Arcelor's 'court jesters' snub offer from Mittal to raise bid

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The Independent Online

Lakshmi Mittal, the Indian steel magnate, attacked the directors of Arcelor yesterday, describing them as "court jesters" for rejecting his offer to raise his €21.5bn (£14.6bn) bid for the rival steel maker in return for a recommendation from the board.

Mr Mittal also volunteered to overhaul the board of his family-owned company Mittal Steel to overcome corporate governance concerns voiced by Arcelor and announced that François Pinault, the former chairman of the French luxury goods giant PPR, was being made a director.

Arcelor, which is listed in Luxembourg but has a large number of its operations in France, rejected the overtures from Mittal, refusing to sit down and talk on the grounds that it still did not have enough information on how the new merged company would function. It also pointed out that the Mittal family would continue to control a majority of shares in the combined business. The Mittal Steel chairman responded by saying that dealing with Arcelor was "like opening a door to find a brick wall behind it" and accused its directors of behaving "more like court jesters than fiduciaries for investors".

His son Aditya Mittal, the company's finance director, added: "Arcelor are constantly setting up roadblocks for us including invoking old French laws."

Mittal is due to send out its formal offer document to Arcelor shareholders next week and is counting on investor pressure forcing the company to the negotiating table.

Earlier, Mr Mittal disclosed that he had had several contacts with Arcelor's chairman, Joseph Kinsch, by telephone and e-mail over a two-week period stretching from late April to early May in which he set out the terms for a recommended offer. Key among these was a commitment to "revise" the value of the bid in return for the support of the Arcelor board. Mr Mittal also offered to reform the voting structure of the new company and scrap his right to put in his own directors.

He declined to say how much his bid would be raised by but analysts suggested it might have to be increased by up to 20 per cent to force Arcelor to the negotiating table. Mittal's current cash and shares offer values Arcelor at €33.5 a share - a premium of almost 50 per cent to its price before the bid was launched. Arcelor shares closed last night at €35.56 - some 6 per cent above the offer price.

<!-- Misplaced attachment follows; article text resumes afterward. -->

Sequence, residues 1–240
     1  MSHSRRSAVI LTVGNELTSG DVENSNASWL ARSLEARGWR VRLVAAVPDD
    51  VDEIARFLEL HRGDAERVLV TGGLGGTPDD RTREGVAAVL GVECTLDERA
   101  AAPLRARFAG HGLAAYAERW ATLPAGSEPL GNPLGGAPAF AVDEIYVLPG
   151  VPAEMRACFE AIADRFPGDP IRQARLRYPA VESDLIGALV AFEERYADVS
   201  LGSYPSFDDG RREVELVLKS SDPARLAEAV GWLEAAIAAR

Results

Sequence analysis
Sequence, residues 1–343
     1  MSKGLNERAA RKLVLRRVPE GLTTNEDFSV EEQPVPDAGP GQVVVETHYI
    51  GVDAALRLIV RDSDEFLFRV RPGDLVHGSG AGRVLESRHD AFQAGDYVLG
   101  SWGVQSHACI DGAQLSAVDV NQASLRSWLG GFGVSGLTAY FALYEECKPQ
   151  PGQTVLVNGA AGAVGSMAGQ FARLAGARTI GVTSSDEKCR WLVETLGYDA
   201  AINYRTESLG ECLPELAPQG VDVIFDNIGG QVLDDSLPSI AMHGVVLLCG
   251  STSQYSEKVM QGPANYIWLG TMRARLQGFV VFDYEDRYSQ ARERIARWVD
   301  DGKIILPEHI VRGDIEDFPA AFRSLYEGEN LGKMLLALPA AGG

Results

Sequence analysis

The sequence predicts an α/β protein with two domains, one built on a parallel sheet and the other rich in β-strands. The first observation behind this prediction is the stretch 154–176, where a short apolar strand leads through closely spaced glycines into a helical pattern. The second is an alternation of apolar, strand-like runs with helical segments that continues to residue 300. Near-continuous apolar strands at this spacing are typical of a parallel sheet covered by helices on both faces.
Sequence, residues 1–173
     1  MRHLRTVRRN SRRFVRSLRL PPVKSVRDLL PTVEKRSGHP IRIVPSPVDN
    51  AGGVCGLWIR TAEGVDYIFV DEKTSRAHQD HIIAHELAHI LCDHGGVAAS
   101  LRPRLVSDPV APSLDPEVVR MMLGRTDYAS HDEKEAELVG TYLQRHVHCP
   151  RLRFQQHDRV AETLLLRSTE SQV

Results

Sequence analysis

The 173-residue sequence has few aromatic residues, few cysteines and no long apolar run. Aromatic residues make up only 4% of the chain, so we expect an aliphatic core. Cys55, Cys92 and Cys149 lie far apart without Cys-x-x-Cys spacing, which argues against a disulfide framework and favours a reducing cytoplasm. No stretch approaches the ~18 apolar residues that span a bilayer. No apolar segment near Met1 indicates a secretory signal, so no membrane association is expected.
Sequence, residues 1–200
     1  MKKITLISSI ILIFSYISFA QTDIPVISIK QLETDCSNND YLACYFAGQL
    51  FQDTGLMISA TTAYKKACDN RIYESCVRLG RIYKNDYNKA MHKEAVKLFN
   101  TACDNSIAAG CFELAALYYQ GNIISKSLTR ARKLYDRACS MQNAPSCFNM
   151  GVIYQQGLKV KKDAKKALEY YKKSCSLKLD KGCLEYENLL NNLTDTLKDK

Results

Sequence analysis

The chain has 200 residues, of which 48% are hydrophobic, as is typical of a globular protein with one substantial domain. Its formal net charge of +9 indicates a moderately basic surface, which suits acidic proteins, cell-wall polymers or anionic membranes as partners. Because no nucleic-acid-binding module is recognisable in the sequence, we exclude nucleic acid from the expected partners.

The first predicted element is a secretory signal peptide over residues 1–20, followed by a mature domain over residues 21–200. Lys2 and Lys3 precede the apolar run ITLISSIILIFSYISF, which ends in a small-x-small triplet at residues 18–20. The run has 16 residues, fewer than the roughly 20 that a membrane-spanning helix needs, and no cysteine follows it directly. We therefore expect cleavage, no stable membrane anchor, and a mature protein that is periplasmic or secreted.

Mr Mittal said he would reform the board of Mittal Steel so that it had 14 directors - six each from Mittal and Arcelor and two independent directors. He also offered to change voting rights in the new company so that one share counted for one vote. However, Mittal also proposed that shareholders who were long-term investors would have their voting rights doubled - a mechanism that would keep the Mittal family's voting rights at just over 50 per cent.

At present, the Mittal family controls 88 per cent of shares in the company and 64 per cent of the voting rights. These would both come down to 50.4 per cent under the latest Mittal offer. In appointing M. Pinault to its board, Mittal Steel hopes to increase the influence of its lobbying efforts in France, despite the entrepreneur's controversial track record. Mr Mittal said M. Pinault was "one of Europe's most successful entrepreneurs and his guidance and business knowledge will prove an invaluable asset".

The Arcelor camp said quite apart from failing to say how much the bid would be raised by, Mittal had failed to give sufficient information to enable it to assess its intentions or its industrial, social and business plans. Mittal replied by saying it had already handed over a 100-page industrial plan but was not prepared to give a rival steel maker commercially sensitive details of its business plan when Arcelor had refused even to sit down and talk.